The reactions of the Congress-led United Progressive Alliance (UPA) to the final round of negotiations ahead of the climate change meet in Copenhagen leave us with a sense of déjà vu.
We have seen it before—at the global trade negotiations in the 1980s—and we are seeing it unfold yet again. Till the last minute, India will be a perennial outlier—leaving it open to isolation. And then, once outmanoeuvred, talk tough for the benefit of domestic audiences while suffering the consequences.
This was easy to comprehend in a world when India was a $100-200 million (Rs463-926 crore at the current exchange rate) economy and punching well above its weight. But it is baffling in the new world order with India’s current economy (with its potential yet to be realized) measured above a trillion dollars, giving it an in-principle place on the global high table.
So far, the script has read true. Till last week, it appeared that the Copenhagen talks were heading for a dead heat—with disagreements seemingly insurmountable. All this began to change after US President Barack Obama’s visit to China, eventually leading to voluntary commitments—some like China claiming reduction in energy intensity and others like the US on emission reductions. The very same day China, which is the world’s largest polluter, announced its symbolic intent (but not binding) at reducing emissions, India’s final scramble commenced.
Environment minister Jairam Ramesh rushed to Beijing to call on the Chinese leadership and hold consultations with representatives of other major emerging economies. Two plans have emerged: one, where India has proffered similar energy intensity cuts as China. Second, the emerging economies have decided to combine forces to combat pressures from developed countries to change the contours of the climate change negotiations as set out in the Bali action plan hammered out under the auspices of the United Nations Framework Convention on Climate Change (UNFCCC).
The big question is, what is Plan A and what is Plan B for India. If a united stand of emerging economies is India’s Plan A, then it is going to once again fall into a familiar trap; trusting China or any other country in such a crucial negotiation, where self-interest is paramount, would be naïve, to say the least. If its voluntary actions are Plan A, then it begs the question as to why India had to wait to make its proclamation well after the US—which till a month ago held the dubious distinction of being the worst polluter and also a non-signatory to the previous deal on climate change—and China made their claims.
Especially since Ramesh had done sufficient heavy lifting in this context after the stage had been set in July when India was co-signatory to a statement put out by the Major Economies Forum on energy and climate on the sidelines of the G-8 deliberations. The gist of the statement was that all countries (including developing countries such as India) would have to be prepared to make some emission cuts linked to their growth strategy—it was a tacit acceptance, at least that is how the developed countries see it, of emission cuts.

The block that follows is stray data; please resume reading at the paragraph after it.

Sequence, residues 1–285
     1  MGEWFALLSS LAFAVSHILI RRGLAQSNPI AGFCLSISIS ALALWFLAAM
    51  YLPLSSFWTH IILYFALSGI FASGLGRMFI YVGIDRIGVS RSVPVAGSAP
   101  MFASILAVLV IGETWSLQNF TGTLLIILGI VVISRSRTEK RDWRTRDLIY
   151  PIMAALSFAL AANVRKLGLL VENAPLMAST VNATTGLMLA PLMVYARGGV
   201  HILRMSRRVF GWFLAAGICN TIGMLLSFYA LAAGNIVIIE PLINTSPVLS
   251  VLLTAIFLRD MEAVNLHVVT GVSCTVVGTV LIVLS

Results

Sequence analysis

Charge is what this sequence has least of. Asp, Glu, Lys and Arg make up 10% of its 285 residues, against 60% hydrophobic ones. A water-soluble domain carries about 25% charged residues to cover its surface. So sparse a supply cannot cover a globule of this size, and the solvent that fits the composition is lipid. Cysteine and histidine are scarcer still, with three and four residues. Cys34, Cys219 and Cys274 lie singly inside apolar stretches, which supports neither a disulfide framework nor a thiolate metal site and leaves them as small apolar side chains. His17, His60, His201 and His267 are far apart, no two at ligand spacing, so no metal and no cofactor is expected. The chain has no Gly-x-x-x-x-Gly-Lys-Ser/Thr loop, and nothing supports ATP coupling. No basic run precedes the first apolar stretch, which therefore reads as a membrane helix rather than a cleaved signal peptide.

Ramesh accelerated this process in subsequent months as India positioned itself as a deal maker. In an interview, while elucidating the new approach, he said: “We (India) have to learn to conduct bilateral dialogue and negotiate multilaterally. That is what I call walking on two legs.” Later, addressing a conference on climate change in Copenhagen in the first week of October, he articulated India’s new position as the “per capita plus” approach—a refinement of its earlier stand.
Until then, India, along with other developing countries, had argued mitigation efforts should be in proportion to a nation’s historical record of emissions on per capita terms. According to this measure, vehemently opposed by developed nations, India is well behind the worst polluters.
Ramesh maintained that not only has India placed a “self-imposed” cap of per capita emissions—by committing that it will never exceed the levels attained by developed countries—the country was now moving to take on “mitigation efforts voluntarily”. This, he said, will be captured in the new legislation—Nationally Appropriate Mitigation Outcomes (Namos)—that the UPA was proposing to put up for public discussion.
Parts of a leaked communication (which distorted the context) from Ramesh to Prime Minister Manmohan Singh articulating the above, and activism—in the media and among political parties— scared off the government. Not only did the UPA not place Namos in the public domain and gain some crucial brownie points, it now comes across as a “me too” emulating China; India has failed to keep the contours of the per capita argument in the negotiations lexicon.
A debate in Parliament—it would have also underlined our democratic credentials— could have helped the UPA generate political consensus on an issue which will be critical to current and future generations of Indians. What was the UPA thinking? More importantly, will we ever learn?
Anil Padmanabhan is a deputy managing editor of Mint and writes every week on the intersection of politics and economics. Comment at firstname.lastname@example.org